May 11, 2012

Review: Are You My Mother?: A Comic Drama

Are You My Mother?: A Comic Drama
Are You My Mother?: A Comic Drama by Alison Bechdel

My rating: 4 of 5 stars

I'm a huge fan of Bechdel's previous graphic memoir, FUN HOME, which centers around her closeted father and the ornate family house where Bechdel grew up. I've read it several times, always moved and impressed by its narrative and visual power, and always finding new angles of interest with each reread. Her new graphic memoir, ARE YOU MY MOTHER?, obviously centers around her mother this go-around. And while it's brilliantly drawn and certainly an impressive psychological and intellectual achievement, I wasn't as engaged with its narrative.

First of all, ARE YOU MY MOTHER? is much more meta (even with characters referring to it as a meta-book within the pages) and it may have suffered for that. It's analyzed and distanced, with overlaying therapy, commentary, criticism, and self-consciousness that mostly reads as rather intrusive voice-over. It's more of a psychological exploration mystery than a storytelling narrative, and sometimes reads as a self-help guide rather than narrative non-fiction. Oddly for a graphic memoir, it actually takes the old adage of "show don't tell" and turns it around so completely that it takes "telling" to new heights, despite the presence of wonderfully evocative illustrations. I began to resent the intellectual overlays that seemed to interrupt the narrative, and even though all the psychological exploration and analysis was interesting and smart, I kept feeling that it should have been submerged more into the story itself rather than layered on top of the narrative like meta-commentary.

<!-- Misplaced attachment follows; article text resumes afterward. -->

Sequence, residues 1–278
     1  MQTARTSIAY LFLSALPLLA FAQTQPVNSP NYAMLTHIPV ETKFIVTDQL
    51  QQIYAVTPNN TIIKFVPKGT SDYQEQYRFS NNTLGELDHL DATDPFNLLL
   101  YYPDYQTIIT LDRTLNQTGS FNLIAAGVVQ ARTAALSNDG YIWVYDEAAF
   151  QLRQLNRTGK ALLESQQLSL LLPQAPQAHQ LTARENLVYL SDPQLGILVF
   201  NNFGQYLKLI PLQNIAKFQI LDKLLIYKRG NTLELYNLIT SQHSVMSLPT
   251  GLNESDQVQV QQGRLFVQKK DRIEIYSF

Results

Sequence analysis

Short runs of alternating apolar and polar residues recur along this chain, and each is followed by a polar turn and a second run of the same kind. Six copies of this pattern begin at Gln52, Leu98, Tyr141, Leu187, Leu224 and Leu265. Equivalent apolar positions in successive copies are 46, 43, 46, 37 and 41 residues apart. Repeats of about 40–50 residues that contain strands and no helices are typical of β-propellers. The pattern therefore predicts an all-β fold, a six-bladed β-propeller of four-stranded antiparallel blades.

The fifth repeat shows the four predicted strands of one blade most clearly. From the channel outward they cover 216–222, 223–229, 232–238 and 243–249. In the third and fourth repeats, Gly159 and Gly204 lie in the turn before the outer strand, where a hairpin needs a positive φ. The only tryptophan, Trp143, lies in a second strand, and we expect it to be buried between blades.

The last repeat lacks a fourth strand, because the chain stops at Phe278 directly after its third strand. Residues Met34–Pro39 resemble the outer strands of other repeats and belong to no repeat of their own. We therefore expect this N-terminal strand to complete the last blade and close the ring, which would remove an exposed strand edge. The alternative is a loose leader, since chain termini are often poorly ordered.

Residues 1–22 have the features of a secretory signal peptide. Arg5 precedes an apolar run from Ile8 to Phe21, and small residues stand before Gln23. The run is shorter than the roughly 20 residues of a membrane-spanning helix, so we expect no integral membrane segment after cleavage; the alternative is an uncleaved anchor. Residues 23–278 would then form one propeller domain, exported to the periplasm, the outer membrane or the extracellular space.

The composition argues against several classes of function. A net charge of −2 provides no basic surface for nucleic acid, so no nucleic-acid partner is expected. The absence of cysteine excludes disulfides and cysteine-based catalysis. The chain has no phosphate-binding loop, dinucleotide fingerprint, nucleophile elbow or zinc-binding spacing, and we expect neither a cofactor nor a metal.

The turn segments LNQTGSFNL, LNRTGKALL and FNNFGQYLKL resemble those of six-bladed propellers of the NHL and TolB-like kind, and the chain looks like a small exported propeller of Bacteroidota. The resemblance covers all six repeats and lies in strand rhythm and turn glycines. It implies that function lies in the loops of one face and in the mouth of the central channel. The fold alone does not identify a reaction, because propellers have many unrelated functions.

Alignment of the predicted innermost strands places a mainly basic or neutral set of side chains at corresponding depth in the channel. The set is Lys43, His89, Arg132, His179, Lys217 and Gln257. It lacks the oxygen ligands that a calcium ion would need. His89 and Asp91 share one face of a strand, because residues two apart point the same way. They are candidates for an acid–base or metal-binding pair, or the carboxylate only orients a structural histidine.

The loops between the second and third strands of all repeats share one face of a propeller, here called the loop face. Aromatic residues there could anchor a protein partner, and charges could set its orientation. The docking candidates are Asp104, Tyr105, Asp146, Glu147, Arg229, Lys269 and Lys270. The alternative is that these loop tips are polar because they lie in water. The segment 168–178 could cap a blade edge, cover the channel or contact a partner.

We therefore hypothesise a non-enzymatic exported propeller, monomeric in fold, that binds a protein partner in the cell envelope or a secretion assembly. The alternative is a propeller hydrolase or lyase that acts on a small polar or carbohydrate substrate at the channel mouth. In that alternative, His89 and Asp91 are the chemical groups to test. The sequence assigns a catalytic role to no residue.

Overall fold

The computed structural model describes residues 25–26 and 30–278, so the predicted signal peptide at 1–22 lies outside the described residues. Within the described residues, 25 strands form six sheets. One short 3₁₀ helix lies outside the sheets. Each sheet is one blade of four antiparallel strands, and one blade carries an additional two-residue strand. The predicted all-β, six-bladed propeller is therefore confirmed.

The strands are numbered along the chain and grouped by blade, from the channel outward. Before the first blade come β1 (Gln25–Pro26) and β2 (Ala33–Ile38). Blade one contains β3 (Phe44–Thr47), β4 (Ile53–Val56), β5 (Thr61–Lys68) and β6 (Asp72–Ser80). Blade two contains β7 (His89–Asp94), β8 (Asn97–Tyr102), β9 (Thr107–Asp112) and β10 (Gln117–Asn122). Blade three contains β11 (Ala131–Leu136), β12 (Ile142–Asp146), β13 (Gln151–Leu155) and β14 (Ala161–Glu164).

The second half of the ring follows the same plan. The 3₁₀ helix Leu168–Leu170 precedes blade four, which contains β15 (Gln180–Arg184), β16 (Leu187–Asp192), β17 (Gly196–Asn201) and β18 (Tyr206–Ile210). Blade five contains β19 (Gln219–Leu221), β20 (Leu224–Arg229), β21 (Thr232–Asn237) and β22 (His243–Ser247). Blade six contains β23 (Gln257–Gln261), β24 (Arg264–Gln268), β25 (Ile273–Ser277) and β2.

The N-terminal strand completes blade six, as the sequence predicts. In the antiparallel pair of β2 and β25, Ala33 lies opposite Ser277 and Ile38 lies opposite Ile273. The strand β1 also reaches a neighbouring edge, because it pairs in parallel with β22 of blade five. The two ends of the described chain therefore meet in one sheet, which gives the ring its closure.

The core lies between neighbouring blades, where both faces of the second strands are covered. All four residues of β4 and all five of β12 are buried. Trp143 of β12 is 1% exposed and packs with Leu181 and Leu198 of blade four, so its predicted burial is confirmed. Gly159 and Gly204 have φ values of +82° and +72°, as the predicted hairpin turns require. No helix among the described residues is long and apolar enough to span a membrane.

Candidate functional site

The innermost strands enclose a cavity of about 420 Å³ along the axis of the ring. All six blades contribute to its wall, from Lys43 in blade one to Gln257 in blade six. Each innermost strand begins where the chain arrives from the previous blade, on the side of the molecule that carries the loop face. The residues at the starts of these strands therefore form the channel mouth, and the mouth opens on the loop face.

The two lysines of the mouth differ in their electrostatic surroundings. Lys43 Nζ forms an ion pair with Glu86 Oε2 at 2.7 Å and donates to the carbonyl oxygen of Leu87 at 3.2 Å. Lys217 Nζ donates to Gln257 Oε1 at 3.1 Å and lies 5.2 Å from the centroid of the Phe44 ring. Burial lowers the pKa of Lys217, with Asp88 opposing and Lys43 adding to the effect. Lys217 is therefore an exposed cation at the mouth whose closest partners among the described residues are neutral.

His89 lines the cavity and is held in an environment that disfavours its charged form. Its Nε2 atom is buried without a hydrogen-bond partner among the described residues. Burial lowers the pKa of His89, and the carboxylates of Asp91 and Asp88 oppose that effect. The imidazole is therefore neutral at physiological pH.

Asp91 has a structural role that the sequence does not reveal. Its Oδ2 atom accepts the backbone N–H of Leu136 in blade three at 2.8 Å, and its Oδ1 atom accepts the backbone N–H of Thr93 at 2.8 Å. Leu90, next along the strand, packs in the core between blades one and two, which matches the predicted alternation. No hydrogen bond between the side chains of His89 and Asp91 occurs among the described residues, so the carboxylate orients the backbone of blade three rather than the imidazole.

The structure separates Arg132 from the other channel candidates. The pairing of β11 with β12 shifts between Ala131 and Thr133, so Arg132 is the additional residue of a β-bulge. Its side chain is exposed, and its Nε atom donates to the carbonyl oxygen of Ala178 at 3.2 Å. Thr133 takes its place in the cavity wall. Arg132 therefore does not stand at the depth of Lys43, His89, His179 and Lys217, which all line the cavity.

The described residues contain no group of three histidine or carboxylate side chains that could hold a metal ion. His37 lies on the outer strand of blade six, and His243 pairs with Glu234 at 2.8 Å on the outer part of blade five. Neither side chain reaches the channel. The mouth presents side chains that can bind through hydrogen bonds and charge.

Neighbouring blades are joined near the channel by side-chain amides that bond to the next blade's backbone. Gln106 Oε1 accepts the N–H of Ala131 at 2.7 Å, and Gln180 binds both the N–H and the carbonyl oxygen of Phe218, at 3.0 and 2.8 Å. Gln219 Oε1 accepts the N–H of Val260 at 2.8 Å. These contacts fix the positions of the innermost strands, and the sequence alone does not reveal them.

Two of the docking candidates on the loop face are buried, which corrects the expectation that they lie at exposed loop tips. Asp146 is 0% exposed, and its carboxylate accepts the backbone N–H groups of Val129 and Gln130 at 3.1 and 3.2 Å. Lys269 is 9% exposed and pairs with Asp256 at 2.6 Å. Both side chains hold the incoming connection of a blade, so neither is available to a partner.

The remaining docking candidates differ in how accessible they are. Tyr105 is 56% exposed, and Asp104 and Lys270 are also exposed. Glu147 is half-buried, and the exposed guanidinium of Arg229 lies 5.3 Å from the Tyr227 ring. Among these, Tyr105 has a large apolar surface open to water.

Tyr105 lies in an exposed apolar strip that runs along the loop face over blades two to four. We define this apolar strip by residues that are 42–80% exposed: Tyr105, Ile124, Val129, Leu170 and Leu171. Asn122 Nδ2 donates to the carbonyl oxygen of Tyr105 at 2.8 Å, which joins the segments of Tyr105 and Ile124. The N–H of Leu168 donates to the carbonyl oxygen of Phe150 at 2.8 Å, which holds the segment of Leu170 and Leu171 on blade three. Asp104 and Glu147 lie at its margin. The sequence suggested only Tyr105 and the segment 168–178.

Still, it's an enlightening book, with some deep-rooted personal and universal issues being tackled. Perhaps if I was more interested in nakedly-presented psychoanalysis, I would have been more engaged and affected, but I prefer my narrative to stay in story as much as possible, and I ultimately found the meta-commentary intrusive and even off-putting. Rather than reading a story, it felt more like I was listening to someone's therapy sessions and dreams, and those are conversation killers. Don't tell me your problems -- tell me your STORY.

The illustrations are gorgeous and touching throughout, with many poignant moments evoked through simple expressions and silent poses. I just wish everything had been subsumed within the narrative and not been quite so analyzed and deconstructed.

However, it WILL make you consider your own mother in fascinating and unsettling ways, so prepare for that!

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